Losing weight while maintaining high load

Hey everyone, so I’ve been doing great this year as far as training and riding, but my diet is not there. I gained some FTP and tons of endurance doing Base and just 5 weeks of Build this winter but did not lose any weight. Since then I’ve been riding outside pretty hard, setting new PRs on segments as well as for my power numbers, and enjoying some local amateur crit action as well.

My question is if I plan on continuing to ride/train 6-8 hours in an average week, what should I do? I can definitely clean up my bad eating habits but some friends have suggested intermittent fasting and KETO, which I’m not sure if they really work well with the demands we as cyclists have.

I’m 5’9" current weight is 180lbs, FTP is 290w. I’m hoping to lose 10-15lbs by the start of race season next year when I plan on doing my first ever event, while maintaining my power, but I have lots of time to do this gradually. In a perfect world I’d come out of indoor training next year with an FTP of 300-310w, and a weight is 165-170lbs

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I’ll Preface the reply with, I am no expert. However, I may have some info to contribute to your decision. I have been a KETO athlete for about 8 months now. And I use athlete loosely, I only cycle. One of the things you will experience is; inability to perform after a long duration at high intensity. This is something I am trying to resolve for myself right now. I may abandon the KETO lifestyle, I may not. Still reseraching. I did create a discussion on the topic here: Nutrition Rules of Thumb

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I am a failed newbie cyclist that tried to build whilst being in a calorie deficit.

it did not work for me. trying to do sustained power build medium volume while not eating enough was making my workouts unmanageable.

so, looking forward to the replies. body needs fuel. I went from 96 kg to 78kg and although I would like to get it to 75kg, I haven’t been able to do it without affecting my performance.


I did look through that thread, not really sure what the benefits of KETO may be for us endurance athletes. I’m planning on road racing next year and I can’t be in a state where I crap out after 2 hours of riding because thats when I’ll need the energy the most. That said, I am known to do 100mi 5000ft rides on nothing more than a good breakfast and 1-2 clif bars during the entire ride.

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I am pretty sure I am going to abandon KETO now that I have my weight down. I guess it served its purpose to drop lots of weight quickly (down 40+lbs). I will have to make sure the new lifestyle will not allow me to get in the place I was, which was way too heavy. I know many may disagree, but it can be harder than people think. Especially for folks that are travelers.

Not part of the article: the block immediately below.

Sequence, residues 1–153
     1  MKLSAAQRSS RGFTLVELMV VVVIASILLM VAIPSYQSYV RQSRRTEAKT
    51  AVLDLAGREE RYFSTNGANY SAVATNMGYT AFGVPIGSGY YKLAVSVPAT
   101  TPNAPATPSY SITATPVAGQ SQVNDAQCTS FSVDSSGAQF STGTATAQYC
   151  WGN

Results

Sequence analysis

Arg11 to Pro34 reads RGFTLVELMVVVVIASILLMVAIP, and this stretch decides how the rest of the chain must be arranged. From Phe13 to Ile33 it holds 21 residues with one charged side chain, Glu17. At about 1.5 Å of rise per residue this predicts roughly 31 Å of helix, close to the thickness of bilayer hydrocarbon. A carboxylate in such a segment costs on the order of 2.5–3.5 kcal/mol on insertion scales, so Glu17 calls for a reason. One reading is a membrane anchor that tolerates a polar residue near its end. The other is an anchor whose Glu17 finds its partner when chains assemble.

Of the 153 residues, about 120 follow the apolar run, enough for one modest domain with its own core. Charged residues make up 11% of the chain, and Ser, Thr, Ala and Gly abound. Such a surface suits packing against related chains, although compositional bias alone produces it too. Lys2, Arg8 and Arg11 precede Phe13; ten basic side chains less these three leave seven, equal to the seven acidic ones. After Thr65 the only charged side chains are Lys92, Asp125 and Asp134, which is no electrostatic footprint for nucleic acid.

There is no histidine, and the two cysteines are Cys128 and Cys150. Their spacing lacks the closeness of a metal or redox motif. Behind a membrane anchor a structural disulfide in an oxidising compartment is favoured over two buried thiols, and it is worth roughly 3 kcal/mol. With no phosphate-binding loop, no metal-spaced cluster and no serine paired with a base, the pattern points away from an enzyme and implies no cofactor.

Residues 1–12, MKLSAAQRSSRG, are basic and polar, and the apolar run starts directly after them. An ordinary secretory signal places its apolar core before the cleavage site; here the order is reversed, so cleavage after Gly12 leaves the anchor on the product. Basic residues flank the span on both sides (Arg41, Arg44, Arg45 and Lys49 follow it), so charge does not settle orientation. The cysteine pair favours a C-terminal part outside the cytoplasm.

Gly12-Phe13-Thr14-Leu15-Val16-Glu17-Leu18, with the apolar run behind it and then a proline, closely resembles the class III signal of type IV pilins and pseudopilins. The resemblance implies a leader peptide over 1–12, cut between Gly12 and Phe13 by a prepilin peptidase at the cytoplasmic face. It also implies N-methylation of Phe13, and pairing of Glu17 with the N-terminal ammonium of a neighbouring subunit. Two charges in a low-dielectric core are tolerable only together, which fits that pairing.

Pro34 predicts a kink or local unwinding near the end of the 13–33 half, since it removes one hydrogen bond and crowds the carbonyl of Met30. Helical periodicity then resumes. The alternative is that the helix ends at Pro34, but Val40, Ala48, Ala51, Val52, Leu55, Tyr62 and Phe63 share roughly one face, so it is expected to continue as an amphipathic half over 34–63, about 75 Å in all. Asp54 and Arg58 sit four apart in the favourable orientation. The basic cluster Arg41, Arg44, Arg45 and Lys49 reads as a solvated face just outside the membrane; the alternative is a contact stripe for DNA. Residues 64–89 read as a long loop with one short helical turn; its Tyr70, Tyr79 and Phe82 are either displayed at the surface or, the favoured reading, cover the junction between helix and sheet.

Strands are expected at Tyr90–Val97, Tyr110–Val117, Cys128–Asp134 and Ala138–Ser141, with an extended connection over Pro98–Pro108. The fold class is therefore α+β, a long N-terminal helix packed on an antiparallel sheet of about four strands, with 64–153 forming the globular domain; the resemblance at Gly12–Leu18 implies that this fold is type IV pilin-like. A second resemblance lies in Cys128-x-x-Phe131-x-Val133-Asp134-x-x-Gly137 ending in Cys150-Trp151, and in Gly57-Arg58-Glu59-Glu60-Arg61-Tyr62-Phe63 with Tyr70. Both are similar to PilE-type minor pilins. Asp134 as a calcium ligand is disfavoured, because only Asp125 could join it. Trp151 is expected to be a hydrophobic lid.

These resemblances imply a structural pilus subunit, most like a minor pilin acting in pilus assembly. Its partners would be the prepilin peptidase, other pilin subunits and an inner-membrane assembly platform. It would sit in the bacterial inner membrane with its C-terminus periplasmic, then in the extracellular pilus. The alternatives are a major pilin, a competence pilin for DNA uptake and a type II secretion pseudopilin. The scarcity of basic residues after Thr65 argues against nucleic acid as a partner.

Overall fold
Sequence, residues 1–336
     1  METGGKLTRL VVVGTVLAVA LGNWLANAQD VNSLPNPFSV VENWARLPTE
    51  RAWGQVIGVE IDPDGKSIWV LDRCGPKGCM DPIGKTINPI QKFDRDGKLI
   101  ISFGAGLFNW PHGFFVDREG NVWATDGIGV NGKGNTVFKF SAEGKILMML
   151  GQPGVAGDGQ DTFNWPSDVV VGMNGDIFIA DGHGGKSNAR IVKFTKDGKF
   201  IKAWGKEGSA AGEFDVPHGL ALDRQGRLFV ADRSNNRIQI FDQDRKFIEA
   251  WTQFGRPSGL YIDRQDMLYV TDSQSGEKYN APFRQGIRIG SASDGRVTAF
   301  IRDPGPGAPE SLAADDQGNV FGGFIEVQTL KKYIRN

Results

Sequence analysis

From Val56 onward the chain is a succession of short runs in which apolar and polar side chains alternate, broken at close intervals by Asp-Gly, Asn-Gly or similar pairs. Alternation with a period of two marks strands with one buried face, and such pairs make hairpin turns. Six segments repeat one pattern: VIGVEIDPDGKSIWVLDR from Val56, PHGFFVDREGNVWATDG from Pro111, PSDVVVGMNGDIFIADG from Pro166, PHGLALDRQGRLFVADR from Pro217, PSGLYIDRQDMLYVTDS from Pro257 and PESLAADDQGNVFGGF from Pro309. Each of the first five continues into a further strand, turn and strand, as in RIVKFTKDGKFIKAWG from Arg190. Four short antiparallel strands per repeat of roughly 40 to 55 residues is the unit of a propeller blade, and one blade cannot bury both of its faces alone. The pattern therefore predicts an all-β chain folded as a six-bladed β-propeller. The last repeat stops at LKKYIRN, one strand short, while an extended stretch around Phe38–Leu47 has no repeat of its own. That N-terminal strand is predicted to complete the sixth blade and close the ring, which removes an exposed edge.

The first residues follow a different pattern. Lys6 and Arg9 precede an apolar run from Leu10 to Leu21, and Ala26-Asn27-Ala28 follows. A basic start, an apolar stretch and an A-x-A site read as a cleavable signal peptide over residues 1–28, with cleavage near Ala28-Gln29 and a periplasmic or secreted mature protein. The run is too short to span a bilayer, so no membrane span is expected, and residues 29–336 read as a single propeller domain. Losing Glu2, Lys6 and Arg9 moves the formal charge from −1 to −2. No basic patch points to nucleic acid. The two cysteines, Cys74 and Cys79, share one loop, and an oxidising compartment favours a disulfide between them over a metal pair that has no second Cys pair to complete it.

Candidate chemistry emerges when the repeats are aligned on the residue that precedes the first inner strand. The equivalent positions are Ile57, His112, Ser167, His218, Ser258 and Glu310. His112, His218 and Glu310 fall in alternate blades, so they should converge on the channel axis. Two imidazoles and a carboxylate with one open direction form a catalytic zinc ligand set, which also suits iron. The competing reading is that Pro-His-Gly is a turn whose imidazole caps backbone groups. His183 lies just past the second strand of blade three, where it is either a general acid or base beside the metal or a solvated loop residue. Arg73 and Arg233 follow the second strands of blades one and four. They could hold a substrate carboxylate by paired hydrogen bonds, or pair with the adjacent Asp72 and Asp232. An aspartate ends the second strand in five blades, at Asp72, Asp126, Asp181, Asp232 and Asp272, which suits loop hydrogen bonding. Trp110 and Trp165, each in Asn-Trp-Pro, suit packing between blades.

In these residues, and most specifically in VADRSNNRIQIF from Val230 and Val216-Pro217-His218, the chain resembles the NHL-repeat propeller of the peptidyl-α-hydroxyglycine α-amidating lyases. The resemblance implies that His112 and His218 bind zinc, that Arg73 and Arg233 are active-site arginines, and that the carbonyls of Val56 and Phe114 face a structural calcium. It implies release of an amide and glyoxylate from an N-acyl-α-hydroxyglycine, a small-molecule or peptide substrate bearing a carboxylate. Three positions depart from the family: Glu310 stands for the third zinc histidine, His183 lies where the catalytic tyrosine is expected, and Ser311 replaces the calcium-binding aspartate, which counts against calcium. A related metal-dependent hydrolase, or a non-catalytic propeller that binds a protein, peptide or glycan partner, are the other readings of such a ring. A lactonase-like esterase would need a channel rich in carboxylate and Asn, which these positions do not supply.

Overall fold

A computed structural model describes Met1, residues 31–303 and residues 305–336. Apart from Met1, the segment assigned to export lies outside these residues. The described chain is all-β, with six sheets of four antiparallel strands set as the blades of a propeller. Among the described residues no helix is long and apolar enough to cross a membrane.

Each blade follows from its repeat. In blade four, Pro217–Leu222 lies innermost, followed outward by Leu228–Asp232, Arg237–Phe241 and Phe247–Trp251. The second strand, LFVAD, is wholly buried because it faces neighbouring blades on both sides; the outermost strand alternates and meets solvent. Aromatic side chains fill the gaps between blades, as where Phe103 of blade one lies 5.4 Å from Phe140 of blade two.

My 0.02

No keto (my wife does it, it will work, there is enough comments above to say why not). Cut out the simple stuff (soda), drink more water, and just start logging.

I used my fitness pal for a year or two to get my weight better. After some time I’ve adapted and don’t need the app to stay on target/point.

While using that tool - ensure you sync from TR to that app (via Apple Health, Strava, or Gamin) and account for your training. You should eat for your workouts as Nate says - but this will help you stay 0 or negative cals. The biggest thing I learned from it was 1) Beer counts for a lot of my intake and 2) eating less on off days is key


I’ve also tried keto and it didnt work well with my cycling. I think it would be useful for ultra distance cyclists who dont do intensity. Its also useful for people who dont do much exercise.

Everybody is different but i think weight loss with performance gain should be possible as long as your diet is tuned to performance. In other words, fuel your workouts with carbs and recover with protein.


Try cutting out the crap food in your diet, we’re all guilty of it. See how that goes and remember to give it time, any sudden drop in weight is usually not a good sign, that’s assuming you don’t have takeaways every night.

As for KETO, don’t even go there.


N=1 here, but over the past 7 weeks I have dropped about 13lbs doing intermittent fasting (others will call it different things). I don’t eat from 8pm to noon the next day or, for those who look at it the other way, I only eat between noon and 8 PM. Hasn’t actually been that bad. I try to target my rides most days to end right at noon so I can eat afterwards then I get a run in after work before dinner. This week I have been riding early in the morning and the only thing I notice is the window feels pretty long as I am hungry by 10 and just watching the clock. I’ve been able to ride 7-9 hours a week while adding in another 20 miles of running. I really haven’t watched what I am eating at all, I just only eat during those hours. If I cleaned things up a bit, I think the weight loss would be even greater.